The record heat wave that has blanketed the southern US for over a month has cut into small business working hours and paychecks due to a slowdown in consumption. Triple-digit temperatures made it too hot for many to go outside, let alone work. With consumers sheltering indoors, there has been a marked reduction in spending on Main Street, according to data from Homebase, a US small business payroll company, released on Tuesday (Aug. 1).
A seasonal drop in working hours in July is to be expected, according to Homebase, but there was a noticeable difference in working hours between cities that did and did not experience prolonged exposure to extreme heat last month. New Orleans, a city trapped within the heat dome, saw a 5.7% drop in hours worked at small businesses compared to June. Meanwhile, Boston, which marked just two days of above 90°F (32°C) temperatures in July, saw a 7.8% increase in hours worked compared to the month prior.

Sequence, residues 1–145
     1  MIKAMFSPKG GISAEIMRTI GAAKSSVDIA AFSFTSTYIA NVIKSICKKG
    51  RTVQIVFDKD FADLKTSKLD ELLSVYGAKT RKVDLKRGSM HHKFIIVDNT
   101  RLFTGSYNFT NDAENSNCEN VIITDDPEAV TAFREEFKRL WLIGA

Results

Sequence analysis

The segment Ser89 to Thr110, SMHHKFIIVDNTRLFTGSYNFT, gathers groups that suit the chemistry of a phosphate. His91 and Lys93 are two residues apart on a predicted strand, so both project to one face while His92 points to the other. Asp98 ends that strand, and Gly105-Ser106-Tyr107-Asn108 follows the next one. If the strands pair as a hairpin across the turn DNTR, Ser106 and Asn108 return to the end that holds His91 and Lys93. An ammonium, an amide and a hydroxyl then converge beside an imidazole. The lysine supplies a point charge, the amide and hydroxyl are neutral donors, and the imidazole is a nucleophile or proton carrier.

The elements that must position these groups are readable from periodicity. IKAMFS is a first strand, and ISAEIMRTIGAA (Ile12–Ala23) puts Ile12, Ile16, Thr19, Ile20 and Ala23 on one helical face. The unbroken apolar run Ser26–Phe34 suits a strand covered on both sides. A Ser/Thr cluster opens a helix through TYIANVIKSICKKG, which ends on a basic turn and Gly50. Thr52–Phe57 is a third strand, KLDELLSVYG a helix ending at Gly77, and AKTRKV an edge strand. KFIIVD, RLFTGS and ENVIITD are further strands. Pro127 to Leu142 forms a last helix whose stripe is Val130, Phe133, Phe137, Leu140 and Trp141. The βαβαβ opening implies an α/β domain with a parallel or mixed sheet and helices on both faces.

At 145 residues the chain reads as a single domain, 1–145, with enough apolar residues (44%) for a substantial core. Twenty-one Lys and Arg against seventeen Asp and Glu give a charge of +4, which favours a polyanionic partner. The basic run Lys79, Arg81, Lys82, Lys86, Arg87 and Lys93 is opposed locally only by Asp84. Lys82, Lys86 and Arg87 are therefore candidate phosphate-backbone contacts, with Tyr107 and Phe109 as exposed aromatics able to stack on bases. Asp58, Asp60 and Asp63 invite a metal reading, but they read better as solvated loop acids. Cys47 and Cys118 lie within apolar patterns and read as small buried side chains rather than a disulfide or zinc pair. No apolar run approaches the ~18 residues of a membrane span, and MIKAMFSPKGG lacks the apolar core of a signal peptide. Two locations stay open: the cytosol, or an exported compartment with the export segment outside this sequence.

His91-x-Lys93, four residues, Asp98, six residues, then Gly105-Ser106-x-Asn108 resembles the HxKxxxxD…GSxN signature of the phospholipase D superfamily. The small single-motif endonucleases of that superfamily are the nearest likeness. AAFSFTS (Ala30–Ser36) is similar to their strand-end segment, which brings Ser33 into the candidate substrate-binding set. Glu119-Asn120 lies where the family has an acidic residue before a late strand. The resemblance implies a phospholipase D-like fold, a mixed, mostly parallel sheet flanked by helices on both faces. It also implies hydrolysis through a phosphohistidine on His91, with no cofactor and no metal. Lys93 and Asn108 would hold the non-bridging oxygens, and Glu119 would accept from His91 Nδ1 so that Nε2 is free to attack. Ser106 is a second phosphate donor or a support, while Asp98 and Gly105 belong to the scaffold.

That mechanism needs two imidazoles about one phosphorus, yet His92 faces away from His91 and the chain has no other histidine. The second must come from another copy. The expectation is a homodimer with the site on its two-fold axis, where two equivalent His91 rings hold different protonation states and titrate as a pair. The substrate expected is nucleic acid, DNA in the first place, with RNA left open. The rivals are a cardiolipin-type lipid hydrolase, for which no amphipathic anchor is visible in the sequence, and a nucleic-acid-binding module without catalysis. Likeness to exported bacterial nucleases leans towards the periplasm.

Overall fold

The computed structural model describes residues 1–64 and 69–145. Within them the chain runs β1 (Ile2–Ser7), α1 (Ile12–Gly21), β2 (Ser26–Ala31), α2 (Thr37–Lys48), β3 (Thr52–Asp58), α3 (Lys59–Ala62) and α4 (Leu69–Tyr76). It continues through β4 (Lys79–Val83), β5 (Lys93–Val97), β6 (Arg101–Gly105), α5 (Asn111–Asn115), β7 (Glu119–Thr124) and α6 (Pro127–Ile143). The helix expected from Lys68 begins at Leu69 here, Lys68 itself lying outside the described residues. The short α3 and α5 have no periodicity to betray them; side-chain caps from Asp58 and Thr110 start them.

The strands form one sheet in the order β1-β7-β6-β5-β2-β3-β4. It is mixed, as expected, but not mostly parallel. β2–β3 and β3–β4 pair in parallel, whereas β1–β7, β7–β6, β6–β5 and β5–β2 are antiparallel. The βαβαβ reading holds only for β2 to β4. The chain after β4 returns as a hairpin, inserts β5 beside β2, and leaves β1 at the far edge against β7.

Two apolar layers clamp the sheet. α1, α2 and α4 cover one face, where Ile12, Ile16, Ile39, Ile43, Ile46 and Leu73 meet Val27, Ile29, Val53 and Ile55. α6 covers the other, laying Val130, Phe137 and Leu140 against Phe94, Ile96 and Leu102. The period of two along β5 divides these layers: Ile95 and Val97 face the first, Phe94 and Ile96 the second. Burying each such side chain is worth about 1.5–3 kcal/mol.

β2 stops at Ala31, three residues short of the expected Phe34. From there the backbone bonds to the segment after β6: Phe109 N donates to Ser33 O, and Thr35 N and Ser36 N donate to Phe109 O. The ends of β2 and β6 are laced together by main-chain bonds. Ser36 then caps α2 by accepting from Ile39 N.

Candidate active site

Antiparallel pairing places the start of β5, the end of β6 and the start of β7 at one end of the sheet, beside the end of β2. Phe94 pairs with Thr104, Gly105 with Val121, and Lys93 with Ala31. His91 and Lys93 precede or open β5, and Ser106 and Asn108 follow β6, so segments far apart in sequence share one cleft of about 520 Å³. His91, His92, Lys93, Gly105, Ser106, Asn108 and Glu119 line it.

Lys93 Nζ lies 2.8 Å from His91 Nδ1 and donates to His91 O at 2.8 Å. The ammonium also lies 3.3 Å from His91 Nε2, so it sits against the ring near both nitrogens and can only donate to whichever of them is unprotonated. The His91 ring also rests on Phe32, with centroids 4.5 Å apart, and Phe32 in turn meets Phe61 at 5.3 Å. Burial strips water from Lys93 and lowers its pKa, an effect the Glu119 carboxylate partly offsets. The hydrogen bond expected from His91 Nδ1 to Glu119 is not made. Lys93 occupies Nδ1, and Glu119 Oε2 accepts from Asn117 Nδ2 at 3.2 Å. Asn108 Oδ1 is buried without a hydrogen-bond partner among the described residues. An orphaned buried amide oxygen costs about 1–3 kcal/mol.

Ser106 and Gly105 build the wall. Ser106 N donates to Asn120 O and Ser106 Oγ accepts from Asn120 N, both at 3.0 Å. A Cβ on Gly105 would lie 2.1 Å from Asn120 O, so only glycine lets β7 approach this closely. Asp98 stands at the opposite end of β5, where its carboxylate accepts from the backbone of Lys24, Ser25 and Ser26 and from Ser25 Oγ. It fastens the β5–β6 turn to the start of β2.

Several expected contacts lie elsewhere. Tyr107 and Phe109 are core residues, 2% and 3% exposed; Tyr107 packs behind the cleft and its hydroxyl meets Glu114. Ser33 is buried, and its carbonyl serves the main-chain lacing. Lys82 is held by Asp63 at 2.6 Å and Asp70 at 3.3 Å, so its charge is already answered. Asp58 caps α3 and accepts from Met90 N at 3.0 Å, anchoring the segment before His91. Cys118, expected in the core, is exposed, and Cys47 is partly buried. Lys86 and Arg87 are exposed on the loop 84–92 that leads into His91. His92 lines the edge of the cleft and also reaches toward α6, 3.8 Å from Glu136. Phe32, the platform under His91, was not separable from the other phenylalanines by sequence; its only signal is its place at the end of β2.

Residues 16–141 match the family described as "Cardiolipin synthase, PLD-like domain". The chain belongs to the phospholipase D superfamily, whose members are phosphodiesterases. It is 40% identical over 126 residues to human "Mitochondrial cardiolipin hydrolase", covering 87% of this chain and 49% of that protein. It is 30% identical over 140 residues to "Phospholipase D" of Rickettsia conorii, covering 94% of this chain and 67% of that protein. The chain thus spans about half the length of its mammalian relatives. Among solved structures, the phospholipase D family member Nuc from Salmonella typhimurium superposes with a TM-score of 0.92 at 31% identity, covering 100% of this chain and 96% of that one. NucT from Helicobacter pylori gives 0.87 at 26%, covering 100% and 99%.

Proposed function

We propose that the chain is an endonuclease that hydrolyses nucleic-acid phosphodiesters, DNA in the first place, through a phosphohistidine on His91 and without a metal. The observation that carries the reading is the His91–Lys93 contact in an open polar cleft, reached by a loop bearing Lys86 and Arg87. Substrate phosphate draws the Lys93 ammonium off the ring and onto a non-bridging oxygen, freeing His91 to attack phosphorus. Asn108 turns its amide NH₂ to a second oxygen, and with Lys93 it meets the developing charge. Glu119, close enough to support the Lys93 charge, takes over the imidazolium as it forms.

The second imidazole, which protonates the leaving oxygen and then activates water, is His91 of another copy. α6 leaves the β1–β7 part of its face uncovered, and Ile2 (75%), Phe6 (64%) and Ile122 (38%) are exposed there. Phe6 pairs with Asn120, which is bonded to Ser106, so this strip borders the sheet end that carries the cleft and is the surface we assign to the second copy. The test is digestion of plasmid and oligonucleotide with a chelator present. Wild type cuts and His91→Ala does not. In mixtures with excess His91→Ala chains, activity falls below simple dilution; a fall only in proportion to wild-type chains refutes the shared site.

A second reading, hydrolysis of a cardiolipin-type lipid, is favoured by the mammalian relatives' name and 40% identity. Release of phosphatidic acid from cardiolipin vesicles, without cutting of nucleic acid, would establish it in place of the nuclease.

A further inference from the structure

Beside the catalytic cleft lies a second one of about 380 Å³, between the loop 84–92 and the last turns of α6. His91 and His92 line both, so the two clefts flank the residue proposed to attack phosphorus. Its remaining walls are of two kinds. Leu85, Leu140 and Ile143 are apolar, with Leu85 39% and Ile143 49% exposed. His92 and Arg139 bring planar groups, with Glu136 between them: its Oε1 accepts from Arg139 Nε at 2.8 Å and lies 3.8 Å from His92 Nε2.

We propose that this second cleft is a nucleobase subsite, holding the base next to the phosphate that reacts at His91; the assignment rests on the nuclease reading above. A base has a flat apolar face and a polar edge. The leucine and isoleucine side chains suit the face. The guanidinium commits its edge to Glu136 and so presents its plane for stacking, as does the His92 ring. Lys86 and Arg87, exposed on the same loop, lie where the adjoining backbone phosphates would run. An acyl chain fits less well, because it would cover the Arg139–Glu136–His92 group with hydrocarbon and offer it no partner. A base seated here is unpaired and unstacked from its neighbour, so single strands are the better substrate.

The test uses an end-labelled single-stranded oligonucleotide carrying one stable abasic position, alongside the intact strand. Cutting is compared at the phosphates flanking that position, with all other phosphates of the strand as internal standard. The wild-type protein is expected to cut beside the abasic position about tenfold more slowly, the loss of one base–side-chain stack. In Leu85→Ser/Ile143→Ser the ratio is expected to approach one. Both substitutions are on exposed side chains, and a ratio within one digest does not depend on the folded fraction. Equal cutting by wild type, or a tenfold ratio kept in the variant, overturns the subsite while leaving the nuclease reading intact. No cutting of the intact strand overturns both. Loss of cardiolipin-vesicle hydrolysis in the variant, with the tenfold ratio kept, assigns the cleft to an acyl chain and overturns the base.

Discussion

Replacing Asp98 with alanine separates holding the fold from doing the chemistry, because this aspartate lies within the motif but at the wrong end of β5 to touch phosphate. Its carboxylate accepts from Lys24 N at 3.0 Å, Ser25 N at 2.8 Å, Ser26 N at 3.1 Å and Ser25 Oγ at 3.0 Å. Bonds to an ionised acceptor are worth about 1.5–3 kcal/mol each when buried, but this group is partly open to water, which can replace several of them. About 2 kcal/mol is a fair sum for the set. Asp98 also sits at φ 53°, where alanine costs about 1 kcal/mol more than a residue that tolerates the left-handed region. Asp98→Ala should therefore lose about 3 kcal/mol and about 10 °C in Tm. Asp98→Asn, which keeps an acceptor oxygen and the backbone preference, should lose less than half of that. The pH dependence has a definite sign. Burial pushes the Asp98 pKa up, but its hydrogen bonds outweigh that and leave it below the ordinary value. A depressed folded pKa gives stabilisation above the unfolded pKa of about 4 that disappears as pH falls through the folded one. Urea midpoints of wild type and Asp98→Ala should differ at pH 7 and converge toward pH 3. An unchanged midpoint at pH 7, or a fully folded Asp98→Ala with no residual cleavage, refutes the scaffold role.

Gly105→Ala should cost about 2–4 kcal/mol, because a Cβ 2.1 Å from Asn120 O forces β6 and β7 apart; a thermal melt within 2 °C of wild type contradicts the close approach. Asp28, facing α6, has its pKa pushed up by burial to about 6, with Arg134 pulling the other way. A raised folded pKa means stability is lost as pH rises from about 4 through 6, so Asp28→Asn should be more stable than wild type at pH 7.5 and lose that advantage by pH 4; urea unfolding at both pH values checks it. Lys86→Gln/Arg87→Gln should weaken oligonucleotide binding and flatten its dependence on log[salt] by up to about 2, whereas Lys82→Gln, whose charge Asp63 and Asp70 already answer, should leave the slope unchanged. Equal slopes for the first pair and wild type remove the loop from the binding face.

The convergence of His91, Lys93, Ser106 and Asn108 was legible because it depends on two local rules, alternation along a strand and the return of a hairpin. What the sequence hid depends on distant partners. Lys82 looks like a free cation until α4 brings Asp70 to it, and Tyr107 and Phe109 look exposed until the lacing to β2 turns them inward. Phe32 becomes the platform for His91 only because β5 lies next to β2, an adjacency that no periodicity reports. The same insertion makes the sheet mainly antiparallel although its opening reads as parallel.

Homebase’s dataset for July 2023 encompassed over 100,000 businesses and 2 million hourly workers in the US.
US president Joe Biden announced last weeks the steps government agencies would take to protect workers and the public from extreme heat, including tougher enforcement of worker protections, and increased investment in national weather reporting and climate resilience measures.
Beauty and wellness, food and drink, and retail businesses were the hardest hit by July’s weather, Homebase found. While entertainment and hospitality saw increases in working hours, the growth was lower than in 2022 and 2019, according to the report.
Still, an increase in entertainment demand, driven by attractions like the Barbenheimer double movie billing and concerts by stars such as Beyoncé and Taylor Swift, helped to drive spending at small businesses and likely gave hourly wages a boost.